A new study found that all kinds of pollution — air, water, soils, and workplaces — are killing at least nine million people across the world, and costing trillions of dollars every year.
Experts estimated that 16 percent of all deaths in 2015 were somehow linked to pollution, mainly thanks to air pollution. This means that more people die because of pollution than because of wars, or diseases like AIDS, tuberculosis, and malaria. If this crisis does not stop, it will threaten “the continuing survival of human societies.”
The study was published Thursday in The Lancet medical journal, and it’s already considered the most comprehensive global analysis to date. According to the paper, 1 out of 6 people dies due to toxic exposure, which means a total cost of $4.6 trillion each year — or about 6.2 percent of the global economy.
An international team of scientists worked until finding this results. A group of over 40 researchers from around the world participated in the study, mostly funded by the UN, the United States, and The European Union.
On the study, the authors wrote that pollution is one of the “great existential challenges” of our era. It endangers the “stability of the Earth’s support systems,” and that if we, as humanity, continue producing pollution, it could lead us to our extinction.
“We fear that with nine million deaths a year, we are pushing the envelope on the amount of pollution the Earth can carry,” co-lead researcher Prof Philip Landrigan, at the Icahn School of Medicine at Mount Sinai, US, said
Low-income countries were the most affected, but pollution can be defeated
International researchers found that the most of the pollution-related deaths occurred in the poorest countries. In some — such as India, Chad, and Madagascar — pollution takes around a quarter of all these deaths. Around 92 percent of them occur in low-income and middle-income countries. However, the wealthiest countries have also to find a manner to control its pollution.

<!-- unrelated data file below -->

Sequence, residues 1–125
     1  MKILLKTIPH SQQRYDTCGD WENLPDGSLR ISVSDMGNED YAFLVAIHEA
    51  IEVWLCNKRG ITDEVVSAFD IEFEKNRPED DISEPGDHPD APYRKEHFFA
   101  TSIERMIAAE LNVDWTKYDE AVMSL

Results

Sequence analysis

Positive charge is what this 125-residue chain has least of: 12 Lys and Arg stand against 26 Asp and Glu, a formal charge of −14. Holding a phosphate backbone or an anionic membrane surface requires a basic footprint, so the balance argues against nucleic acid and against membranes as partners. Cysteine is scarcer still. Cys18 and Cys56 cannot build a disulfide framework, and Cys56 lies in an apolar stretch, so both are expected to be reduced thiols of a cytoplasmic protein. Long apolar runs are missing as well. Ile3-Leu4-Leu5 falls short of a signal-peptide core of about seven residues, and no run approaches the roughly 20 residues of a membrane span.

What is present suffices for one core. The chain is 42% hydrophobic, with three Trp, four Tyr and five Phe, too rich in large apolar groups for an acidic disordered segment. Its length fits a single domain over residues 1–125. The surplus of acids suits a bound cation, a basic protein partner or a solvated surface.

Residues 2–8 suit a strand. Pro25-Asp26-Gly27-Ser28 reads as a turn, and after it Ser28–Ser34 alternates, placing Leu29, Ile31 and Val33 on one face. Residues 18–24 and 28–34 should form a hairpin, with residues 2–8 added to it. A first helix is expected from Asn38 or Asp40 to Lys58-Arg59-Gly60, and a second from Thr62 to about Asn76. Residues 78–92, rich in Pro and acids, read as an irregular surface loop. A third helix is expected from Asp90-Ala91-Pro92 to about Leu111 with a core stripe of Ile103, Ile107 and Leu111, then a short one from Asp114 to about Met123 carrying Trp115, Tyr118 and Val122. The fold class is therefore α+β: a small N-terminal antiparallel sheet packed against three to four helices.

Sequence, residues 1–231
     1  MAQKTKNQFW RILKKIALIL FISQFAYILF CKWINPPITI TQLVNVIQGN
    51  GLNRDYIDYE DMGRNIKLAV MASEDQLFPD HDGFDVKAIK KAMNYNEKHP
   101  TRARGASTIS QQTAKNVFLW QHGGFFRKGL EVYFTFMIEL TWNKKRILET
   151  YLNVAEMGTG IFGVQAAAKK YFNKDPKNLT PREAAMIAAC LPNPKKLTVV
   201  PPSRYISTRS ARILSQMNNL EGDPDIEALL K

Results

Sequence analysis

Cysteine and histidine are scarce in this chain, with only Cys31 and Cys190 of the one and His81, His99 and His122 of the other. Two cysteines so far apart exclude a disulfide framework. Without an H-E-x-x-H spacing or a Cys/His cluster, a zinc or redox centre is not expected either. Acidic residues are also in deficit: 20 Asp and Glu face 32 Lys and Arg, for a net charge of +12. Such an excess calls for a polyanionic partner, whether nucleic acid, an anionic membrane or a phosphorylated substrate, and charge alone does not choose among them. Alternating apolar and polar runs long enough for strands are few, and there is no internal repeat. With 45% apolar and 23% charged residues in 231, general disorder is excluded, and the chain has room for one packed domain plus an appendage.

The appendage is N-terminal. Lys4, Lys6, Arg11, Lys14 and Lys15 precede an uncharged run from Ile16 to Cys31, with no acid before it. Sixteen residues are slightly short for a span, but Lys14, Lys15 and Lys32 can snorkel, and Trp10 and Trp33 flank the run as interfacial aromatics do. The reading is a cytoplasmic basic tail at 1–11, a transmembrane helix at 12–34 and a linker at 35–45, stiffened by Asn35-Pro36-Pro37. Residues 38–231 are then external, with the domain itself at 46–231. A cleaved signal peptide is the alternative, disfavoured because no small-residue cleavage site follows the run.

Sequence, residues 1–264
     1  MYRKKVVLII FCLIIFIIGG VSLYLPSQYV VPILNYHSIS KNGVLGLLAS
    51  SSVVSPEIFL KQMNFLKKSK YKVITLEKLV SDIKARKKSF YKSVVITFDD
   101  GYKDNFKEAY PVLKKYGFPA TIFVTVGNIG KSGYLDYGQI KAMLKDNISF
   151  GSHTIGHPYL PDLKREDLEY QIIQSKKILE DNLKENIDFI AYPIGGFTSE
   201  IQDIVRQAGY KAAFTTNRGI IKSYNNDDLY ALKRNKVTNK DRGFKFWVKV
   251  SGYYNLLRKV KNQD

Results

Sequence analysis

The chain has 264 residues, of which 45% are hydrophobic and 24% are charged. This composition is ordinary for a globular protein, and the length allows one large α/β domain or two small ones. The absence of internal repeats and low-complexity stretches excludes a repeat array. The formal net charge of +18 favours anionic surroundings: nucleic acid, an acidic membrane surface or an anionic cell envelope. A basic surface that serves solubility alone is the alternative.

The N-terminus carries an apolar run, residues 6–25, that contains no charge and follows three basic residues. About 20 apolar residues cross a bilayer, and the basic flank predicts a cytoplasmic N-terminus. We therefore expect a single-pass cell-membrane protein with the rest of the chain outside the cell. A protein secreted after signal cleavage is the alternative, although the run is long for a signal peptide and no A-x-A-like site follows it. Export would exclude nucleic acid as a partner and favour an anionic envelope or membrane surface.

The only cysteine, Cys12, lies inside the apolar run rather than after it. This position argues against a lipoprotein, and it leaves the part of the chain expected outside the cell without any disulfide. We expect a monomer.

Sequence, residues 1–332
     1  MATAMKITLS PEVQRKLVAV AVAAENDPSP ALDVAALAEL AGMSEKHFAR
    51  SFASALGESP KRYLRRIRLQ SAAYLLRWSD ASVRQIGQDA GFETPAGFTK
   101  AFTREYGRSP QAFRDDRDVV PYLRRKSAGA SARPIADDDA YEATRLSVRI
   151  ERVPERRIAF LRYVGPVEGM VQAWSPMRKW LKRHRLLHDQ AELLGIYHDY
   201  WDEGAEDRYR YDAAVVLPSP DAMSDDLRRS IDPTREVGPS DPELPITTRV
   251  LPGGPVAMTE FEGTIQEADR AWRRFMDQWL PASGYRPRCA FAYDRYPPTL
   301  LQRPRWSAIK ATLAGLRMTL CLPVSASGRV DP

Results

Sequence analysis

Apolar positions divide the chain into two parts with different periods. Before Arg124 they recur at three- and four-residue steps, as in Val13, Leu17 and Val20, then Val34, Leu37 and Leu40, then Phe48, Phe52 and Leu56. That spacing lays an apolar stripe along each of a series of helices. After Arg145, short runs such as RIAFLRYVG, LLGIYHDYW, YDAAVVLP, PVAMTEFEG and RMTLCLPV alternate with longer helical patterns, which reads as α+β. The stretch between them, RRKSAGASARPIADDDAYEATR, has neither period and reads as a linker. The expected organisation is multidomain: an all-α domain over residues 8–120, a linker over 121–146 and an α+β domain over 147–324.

The first nation with the most pollution-related deaths was India, where 2.5 million people died (24.5 percent from all the deaths in the country). The second was China, with 1.8 million (19.5 percent), and the third Pakistan, with 311,000 deaths (21.9 percent).
The United States, along with Japan and Germany, is one of the first ten nations that has had deaths due to “modern” forms of pollution — such as fossil fuel-related air pollution and chemical pollution.
Fortunately, much of the pollution can be eliminated. These rich countries were examples for the rest of the world. When most developed nations tackled pollution with laws and regulations mandating clean air and clean water, they made changes. In recent decades, the US showed a considerable decrease in pollution levels.
“Their air and water are now cleaner, the blood lead concentrations of their children have decreased by more than 90%, their rivers no longer catch fire, their worst hazardous waste sites have been remediated, and many of their cities are less polluted and more livable,” researchers said in the paper. “Health has improved and people in these countries are living longer.”
Source: The Lancet